City of Refuge

  • Record Label: Rounder
  • Release Date: Jan 11, 2011

Universal acclaim - based on 16 Critics

Critic score distribution:
  1. Positive: 13 out of 16
  2. Negative: 0 out of 16
Buy On
  1. Apr 20, 2011
    Although something of a melting pot, this is an original and accessible album, blending world influences with old time American music.
  2. Mar 17, 2011
    Filled with a brand of progressive folk music unlike anything you've ever heard, it crackles, sways, and whines, breaking through barriers we didn't know existed while creating a listening experience that's spellbinding.
  3. Mar 3, 2011
    Throughout the record, Washburn stays in her territory and lets her collaborators respond from theirs. This is not a bid for relevance or wider appeal, nor is it a betrayal of her traditional roots; it's a conversation. And it's a conversation that gets interesting.
  4. It's a little too polished for the Oh Brother... crowd, but fans of Gillian Welch and Alison Krauss should take note.
  5. Feb 18, 2011
    It won't be remembered for long, but in 40 minutes the album offers an amorous walk through a woman's keen strength in a style of music that will never sound dated.
  6. Feb 1, 2011
    It probably wasn't her intention, but Washburn ended up making a modern classic, a folk album for people who claim they don't like a such thing.
  7. Feb 1, 2011
    An original, accessible and highly recommended purchase.
  8. Feb 1, 2011
    City Of Refuge is an album which manages to be raw yet transcendental and simple yet layered. Inquisitive ears should find plenty of interest here.
  9. Feb 1, 2011
    It's too early to start drafting up those Best of 2011 lists, but City of Refuge deserves to be shortlisted as one of the stronger folk albums in recent memory.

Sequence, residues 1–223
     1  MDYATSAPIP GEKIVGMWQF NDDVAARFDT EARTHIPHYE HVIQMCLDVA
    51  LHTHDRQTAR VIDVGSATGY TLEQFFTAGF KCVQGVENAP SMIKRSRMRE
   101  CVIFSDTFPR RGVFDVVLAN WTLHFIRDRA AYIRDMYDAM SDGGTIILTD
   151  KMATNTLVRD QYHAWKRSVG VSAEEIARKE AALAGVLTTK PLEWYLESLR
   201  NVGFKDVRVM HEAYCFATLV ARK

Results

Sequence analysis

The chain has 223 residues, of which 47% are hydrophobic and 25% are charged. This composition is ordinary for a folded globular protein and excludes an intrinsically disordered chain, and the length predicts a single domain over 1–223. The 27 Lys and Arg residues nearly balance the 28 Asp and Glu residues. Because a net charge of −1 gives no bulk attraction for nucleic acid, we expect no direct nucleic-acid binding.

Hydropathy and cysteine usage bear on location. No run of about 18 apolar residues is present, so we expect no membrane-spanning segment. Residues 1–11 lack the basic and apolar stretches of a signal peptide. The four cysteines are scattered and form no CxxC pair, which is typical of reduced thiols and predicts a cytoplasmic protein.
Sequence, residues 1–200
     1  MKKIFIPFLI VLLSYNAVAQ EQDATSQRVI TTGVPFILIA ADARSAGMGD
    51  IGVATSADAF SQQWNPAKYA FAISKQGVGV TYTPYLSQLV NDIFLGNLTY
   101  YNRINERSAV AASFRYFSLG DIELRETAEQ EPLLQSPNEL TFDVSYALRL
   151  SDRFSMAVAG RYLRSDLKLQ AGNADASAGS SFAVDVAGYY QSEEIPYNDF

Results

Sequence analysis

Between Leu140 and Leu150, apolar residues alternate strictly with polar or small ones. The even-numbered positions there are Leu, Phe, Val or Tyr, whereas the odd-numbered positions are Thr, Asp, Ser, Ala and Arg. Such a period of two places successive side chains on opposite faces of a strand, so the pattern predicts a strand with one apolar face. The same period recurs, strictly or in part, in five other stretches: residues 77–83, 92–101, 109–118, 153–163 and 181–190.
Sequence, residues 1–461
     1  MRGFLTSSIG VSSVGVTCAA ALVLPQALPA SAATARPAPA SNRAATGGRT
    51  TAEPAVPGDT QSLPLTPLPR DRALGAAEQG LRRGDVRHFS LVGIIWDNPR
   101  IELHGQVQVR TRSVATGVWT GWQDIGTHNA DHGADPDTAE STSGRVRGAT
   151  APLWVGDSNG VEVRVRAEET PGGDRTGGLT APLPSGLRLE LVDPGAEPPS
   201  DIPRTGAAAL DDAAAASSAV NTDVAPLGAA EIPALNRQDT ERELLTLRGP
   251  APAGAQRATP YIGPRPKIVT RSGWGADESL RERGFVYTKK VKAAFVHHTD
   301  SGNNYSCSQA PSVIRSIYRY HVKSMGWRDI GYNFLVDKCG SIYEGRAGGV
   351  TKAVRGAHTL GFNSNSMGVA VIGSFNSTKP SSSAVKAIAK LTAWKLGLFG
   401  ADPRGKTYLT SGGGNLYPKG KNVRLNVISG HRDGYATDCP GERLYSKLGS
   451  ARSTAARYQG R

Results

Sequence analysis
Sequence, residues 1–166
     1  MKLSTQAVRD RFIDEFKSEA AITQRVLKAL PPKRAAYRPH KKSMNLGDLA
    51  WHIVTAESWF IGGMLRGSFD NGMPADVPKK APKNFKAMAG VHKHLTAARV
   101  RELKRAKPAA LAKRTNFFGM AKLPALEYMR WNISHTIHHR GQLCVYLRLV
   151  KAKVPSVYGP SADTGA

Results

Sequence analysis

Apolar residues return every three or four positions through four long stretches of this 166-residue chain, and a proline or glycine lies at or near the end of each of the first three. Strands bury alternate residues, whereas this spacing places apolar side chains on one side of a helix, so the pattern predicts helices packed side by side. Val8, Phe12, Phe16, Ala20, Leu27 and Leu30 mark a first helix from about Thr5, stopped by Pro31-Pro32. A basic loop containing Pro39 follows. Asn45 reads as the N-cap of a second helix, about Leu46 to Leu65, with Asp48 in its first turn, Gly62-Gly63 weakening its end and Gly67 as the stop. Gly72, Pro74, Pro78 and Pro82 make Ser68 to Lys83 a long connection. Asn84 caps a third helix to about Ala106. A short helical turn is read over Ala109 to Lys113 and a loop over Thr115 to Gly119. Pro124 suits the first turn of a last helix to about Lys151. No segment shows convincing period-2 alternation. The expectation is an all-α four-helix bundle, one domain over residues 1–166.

10. Feb 1, 2011
    She's created a visionary American music that extends its traditions as it embraces others, free of borderlines. City of Refuge shines from West to East, from South to North--and beyond.
  11. 80
    In a word, Abigail Washburn's City of Refuge shines. It is a folk-pastiche that draws on all of Washburn's past successes and crafts them together into a lovely and sometimes mysterious work of art.
  12. 60
    The collaborators' influences are visible, but not dominant, as Washburn's banjo remains central, striking a nice balance. Some fine tuning and vocal variation could make for a stellar follow-up to these new genre endeavors, but a return to her classics, for this immensely talented artist, would be equally as appreciated.
  13. 83
    Produced by Decemberists collaborator Tucker Martine, City of Refuge frames Washburn's smoky-sexy vocals with lush string-band arrangements that make the occasional touch of Chinese zither seem natural.
  14. 75
    Though fans of her exotica may miss her outlining connections between Earl Scruggs and Chinese pipa standards, City of Refuge is the best kind of crossover--one that anyone can find comfort in.
  15. Mojo
    Apr 4, 2011
    Standouts include Burn Through, a Springsteenesque tale of blue-collar grit, and the haunting Corner Girl, where a lonely kid opens up her world like a plant unfurling. [Feb 2011, p.109]
  16. Uncut
    Feb 18, 2011
    City of Refuge finds her back in Appalachian mode though, the songs shaded with fiddle, banjo and dulcimer and borne aloft by Washburn's airy voice. [Mar 2011, p.92]

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